2004′s ‘Layer Cake’ Signaled The Rise of Two Big Hollywood Stars
Director Matthew Vaughn’s coming out party also signaled the rise of one of the biggest acting names in Hollywood in Layer Cake star Daniel Craig. He’s now referred to as “Bond. James Bond,” however back in 2004, Craig was still a relative unknown having acted in a few roles of note, most recognizably in Sem Mendes’ Tom Hanks vehicle Road to Perdition. But Layer Cake gave Hollywood the authority to recognize the talent of Craig, take a chance and turn him into a star.
Craig (The Girl With The Dragon Tattoo) plays an unnamed, mid-level drug dealer in Cake. A smart man, with a plan to quit the drug game once he’s made a cool million. He is rightfully on the cusp of doing so when his boss asks a favor of him, which leads to all sorts of problems for the non-gangster. Craig is part of a deep plot to essentially set him up and kill him, but he is naturally underestimated while he learns the ways of gangsterism in the British lands.
Colorful characters abound in Vaughn’s film. Colm Meaney expertly plays Gene, the muscle of his boss. Morty is Craig’s muscle, who settles an old score in the process. The Duke is a loud, obnoxious wanna-be gangster who is in the drug game for the fame and recognition. Dexter Fletcher, known from Guy Ritchie’s (RockNRolla) career-defining Lock, Stock and Two Smoking Barrels, is a great con man and Sienna Miller has never been and likely never will be, more fetching than she is here. It’s a wonderful cast and an expert script.
‘Layer Cake’ Captures a Different Side of Gangster Life Than ‘Pulp Fiction’
Layer Cake only made $2.2 million at the U.S. box office and despite it’s $5-6 million dollar budget, only did about that amount of business in it’s native U.K. It’s surprising in retrospect, given the maturity of the film, the actors in it – note another young star in Tom Hardy, soon to be of The Dark Knight Rises “Bane” infamy – and the multiple comparisons that have been made to Quentin Tarantino’s Pulp Fiction. The comparisons are understandable, if a little unfair, given the different tones of the film. Layer Cake is more slick and subtle, while Pulp Fiction more audacious and sprawling. Both films, of course, stand on their own – they do not need to be inextricably linked.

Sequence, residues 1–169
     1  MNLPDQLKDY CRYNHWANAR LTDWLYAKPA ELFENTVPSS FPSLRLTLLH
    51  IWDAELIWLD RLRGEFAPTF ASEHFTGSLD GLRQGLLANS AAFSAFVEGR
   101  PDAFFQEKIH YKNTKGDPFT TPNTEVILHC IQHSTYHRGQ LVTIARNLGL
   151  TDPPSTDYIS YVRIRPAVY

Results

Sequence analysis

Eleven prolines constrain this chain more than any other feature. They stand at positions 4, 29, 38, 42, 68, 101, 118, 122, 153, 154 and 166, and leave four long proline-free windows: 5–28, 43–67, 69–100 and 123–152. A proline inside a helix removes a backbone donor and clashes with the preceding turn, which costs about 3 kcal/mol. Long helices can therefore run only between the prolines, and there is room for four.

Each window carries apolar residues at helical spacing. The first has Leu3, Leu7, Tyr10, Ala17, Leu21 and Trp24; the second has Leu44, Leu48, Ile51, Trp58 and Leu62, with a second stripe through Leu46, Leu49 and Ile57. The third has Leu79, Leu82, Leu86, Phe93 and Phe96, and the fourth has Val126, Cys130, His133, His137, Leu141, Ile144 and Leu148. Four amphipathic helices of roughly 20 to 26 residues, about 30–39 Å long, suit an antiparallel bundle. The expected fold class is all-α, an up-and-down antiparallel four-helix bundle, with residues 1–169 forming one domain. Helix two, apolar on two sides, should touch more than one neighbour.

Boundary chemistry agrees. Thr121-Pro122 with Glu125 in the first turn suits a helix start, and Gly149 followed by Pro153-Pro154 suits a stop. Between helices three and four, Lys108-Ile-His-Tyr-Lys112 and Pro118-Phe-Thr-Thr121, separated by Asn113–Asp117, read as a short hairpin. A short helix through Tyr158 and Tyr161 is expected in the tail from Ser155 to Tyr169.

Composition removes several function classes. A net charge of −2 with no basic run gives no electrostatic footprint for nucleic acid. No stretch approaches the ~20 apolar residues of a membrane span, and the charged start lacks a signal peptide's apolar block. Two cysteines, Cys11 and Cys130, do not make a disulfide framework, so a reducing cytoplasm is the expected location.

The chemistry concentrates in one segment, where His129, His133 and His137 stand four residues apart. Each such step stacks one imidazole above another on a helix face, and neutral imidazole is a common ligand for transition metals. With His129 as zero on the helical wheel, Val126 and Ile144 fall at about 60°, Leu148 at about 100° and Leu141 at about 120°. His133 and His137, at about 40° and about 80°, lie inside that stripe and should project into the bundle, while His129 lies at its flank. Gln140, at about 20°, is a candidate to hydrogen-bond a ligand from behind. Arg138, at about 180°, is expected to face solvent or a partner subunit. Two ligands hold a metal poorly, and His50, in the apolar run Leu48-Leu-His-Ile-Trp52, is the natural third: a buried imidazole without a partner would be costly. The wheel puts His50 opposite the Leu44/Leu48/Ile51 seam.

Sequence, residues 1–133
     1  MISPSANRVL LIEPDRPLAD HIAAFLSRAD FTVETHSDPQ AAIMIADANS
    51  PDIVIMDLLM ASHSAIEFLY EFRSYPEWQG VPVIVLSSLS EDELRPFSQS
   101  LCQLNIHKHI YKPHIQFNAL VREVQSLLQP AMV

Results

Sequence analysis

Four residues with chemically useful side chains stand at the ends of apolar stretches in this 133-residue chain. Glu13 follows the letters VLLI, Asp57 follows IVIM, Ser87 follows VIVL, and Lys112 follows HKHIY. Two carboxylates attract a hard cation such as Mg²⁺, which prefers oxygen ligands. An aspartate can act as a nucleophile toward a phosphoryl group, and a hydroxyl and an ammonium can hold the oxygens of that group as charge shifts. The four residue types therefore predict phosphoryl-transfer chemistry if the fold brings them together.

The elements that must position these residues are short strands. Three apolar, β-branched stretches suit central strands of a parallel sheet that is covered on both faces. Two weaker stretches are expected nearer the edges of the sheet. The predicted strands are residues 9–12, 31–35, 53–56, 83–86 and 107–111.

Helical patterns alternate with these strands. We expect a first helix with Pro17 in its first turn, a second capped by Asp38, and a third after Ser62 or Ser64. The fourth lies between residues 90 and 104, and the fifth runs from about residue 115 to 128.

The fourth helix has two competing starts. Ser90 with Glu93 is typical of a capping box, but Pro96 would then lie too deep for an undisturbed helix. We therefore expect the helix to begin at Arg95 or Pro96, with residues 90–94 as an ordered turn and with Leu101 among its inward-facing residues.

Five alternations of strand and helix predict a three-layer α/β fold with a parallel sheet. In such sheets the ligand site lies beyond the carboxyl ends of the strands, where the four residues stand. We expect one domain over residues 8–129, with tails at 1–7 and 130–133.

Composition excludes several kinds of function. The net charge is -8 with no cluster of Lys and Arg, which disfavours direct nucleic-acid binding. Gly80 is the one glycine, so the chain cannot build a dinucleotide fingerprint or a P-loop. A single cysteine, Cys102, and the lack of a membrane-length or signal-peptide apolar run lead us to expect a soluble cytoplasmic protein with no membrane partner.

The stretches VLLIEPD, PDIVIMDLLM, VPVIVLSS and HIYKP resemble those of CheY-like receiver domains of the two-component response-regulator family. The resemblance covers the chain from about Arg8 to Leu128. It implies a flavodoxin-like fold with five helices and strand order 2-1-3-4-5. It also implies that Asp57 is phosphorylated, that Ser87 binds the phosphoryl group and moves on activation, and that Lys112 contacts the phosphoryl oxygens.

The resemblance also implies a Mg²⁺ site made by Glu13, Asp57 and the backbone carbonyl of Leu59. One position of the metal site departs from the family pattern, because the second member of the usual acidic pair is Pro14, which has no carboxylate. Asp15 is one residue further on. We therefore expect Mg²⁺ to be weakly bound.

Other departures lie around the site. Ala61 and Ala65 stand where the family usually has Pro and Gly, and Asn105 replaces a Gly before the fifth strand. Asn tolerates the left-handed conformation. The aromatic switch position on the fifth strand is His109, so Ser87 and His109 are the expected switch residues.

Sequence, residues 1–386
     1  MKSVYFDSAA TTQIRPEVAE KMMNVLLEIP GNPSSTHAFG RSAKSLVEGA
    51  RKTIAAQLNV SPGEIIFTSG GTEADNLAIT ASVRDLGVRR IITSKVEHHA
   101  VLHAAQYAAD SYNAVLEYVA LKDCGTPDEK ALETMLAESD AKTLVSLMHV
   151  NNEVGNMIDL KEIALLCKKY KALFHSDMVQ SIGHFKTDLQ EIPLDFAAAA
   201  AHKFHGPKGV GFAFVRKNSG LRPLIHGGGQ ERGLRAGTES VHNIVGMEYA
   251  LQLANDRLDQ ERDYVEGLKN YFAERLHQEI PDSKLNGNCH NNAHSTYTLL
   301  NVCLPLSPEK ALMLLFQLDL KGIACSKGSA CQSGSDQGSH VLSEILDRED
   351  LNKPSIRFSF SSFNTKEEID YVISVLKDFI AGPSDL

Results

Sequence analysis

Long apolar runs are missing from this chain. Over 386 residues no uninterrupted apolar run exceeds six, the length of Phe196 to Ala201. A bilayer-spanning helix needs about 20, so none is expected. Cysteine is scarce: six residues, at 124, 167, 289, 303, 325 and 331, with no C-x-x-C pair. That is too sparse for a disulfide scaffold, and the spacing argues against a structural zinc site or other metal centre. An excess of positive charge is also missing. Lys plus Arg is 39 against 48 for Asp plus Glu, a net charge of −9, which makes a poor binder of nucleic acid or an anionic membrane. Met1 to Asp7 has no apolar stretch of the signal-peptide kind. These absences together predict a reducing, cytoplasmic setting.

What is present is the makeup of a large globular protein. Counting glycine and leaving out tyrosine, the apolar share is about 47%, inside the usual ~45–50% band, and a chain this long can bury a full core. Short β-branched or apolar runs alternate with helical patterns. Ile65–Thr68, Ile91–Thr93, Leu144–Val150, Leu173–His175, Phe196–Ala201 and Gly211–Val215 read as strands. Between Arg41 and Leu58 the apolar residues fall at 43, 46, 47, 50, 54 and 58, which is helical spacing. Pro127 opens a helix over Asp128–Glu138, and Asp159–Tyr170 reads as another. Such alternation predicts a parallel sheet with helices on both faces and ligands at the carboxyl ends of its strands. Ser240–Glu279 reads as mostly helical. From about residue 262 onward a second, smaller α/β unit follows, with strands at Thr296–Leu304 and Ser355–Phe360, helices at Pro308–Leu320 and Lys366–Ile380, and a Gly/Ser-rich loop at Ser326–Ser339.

Despite a smallish budget, the production values make the film look gorgeous. Vaughn does yoeman’s work here and it’s understandable why he’s continued on to bigger projects (X-Men: First Class). The man who got his start as a producer on the aforementioned Richie film, is a talented auteur indeed. Layer Cake’s locations are vibrant with defined color tones and an overall cool of the gangster life is ever present, even given the innate danger of the game. If you’ve not seen the film, it’s essential you do so if you are even remotely interested in the genre or it’s brilliant cast. I won’t give away the ending, but this layered cake is one to chew on for years to come. So sweet.